Israeli tanks advancing through difficult hilly terrain on June 10, 1967 in the Golan heights. (AFP)

Fifty years ago, in October 1973, a surprise attack was unleashed on Israel by a coalition of Arab states led by Egypt, motivated by a desire to recover the land seized by Israel in 1967.

The Ramadan War, or Yom Kippur War, ended in victory for an Israel heavily backed by American arms, but it set in motion a chain of events that changed the political and territorial landscape.

“Before the 1973 war, Egypt’s President Anwar Sadat offered the Israelis a peace proposal: Withdraw in the Sinai, not completely, but by 35 km, and we will embark on a peace process,” said Bregman.

The proposal was rejected by Golda Meir, the Israeli prime minister, and Sadat went to war.

“And then something very interesting happened. After the war, the withdrawal sought by Sadat was exactly what happened. In 1974, the Israelis withdrew in the Sinai, exactly 35 kilometers.”




A building destroyed by an Israeli bombing in Damascus on October 10, 1973 during the 1973 Arab–Israeli War. (AFP)

This in turn led to the Camp David Accords in 1978 and the signing the following year of the historic peace treaty between Israel and Egypt, which became the first Arab state to officially recognize Israel and won back the entire Sinai Peninsula.

The treaty, which earned Sadat and Menachem Begin, then Israel’s prime minister, the Nobel Peace Prize, was widely condemned in the Arab world at the time as a betrayal of the Palestinians and led to Sadat’s assassination in 1981.

“But after the 1973 war, the Israelis were willing to do things they weren’t prepared to do before, because of the war,” said Bregman.

“This was a black swan ­— and maybe what we are seeing now will be a black swan as well, which could change everything.”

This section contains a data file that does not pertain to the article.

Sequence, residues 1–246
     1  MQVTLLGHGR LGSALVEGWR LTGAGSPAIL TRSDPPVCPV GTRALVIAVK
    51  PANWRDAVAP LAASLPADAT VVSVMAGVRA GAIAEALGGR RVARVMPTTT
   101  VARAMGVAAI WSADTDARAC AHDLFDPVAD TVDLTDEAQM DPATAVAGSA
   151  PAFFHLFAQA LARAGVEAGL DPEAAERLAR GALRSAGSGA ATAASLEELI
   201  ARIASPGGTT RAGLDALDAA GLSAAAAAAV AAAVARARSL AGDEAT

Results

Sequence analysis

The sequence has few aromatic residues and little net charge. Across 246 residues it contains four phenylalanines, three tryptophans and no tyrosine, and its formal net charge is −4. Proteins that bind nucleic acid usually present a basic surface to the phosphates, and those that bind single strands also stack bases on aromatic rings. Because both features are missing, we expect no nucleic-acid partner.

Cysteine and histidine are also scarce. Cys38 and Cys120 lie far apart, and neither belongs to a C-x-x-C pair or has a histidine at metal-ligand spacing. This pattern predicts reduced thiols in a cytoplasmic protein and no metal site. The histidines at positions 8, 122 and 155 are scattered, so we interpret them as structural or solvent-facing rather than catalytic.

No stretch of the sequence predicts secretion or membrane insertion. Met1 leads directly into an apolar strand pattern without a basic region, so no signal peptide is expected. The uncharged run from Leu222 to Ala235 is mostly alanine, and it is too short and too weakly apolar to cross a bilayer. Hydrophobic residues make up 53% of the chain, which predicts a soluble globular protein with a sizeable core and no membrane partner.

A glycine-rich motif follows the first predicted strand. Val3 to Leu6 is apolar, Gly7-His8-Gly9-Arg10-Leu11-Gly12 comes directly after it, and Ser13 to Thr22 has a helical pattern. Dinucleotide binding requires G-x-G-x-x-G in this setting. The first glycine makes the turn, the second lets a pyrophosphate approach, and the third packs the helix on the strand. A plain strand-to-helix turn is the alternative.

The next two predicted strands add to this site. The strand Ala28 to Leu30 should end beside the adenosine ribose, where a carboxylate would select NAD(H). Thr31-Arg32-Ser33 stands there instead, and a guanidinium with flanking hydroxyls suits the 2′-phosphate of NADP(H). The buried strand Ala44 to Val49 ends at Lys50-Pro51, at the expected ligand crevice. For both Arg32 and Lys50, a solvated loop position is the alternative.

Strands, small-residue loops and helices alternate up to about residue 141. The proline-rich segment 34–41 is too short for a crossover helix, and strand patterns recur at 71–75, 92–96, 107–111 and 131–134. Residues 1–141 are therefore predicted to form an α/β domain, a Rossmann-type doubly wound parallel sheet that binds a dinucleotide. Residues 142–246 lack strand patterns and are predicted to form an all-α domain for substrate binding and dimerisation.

Egyptian President Anwar Al-Sadat (L) and Israeli Premier Menachem Begin (R), seated between US President Jimmy Carter, sign the historic peace treaty between Israel and Egypt on March 26, 1979. (AFP)

Bregman, who has lived in the UK since 1989, returns regularly to Israel to visit family and is intimately familiar with the country’s military, political and intelligence landscape.

He served in the Israel Defense Forces for six years, taking part as a major in the 1982 Lebanon War, later worked as a parliamentary aide in the Knesset and wrote “The Spy Who Fell to Earth,” the 2016 bestselling book about espionage between Egypt and Israel, later made into a Netflix documentary.

“Do not misunderstand me,” he said. “What happened on Oct. 7 was barbaric, on par with Daesh at the highest point on the scale of evil.

Opinion

This section contains relevant reference points, placed in (Opinion field)

“But if you look at it from a purely military point of view, it was a very successful operation for Hamas. They surprised the Israelis big time. Now, I imagine many Palestinians in the Gaza Strip are angry with them because of the destruction. But in the long term, this will be regarded as a major event in the mythology and history of the Palestinian people — a major event after years of humiliation and Israeli victories.”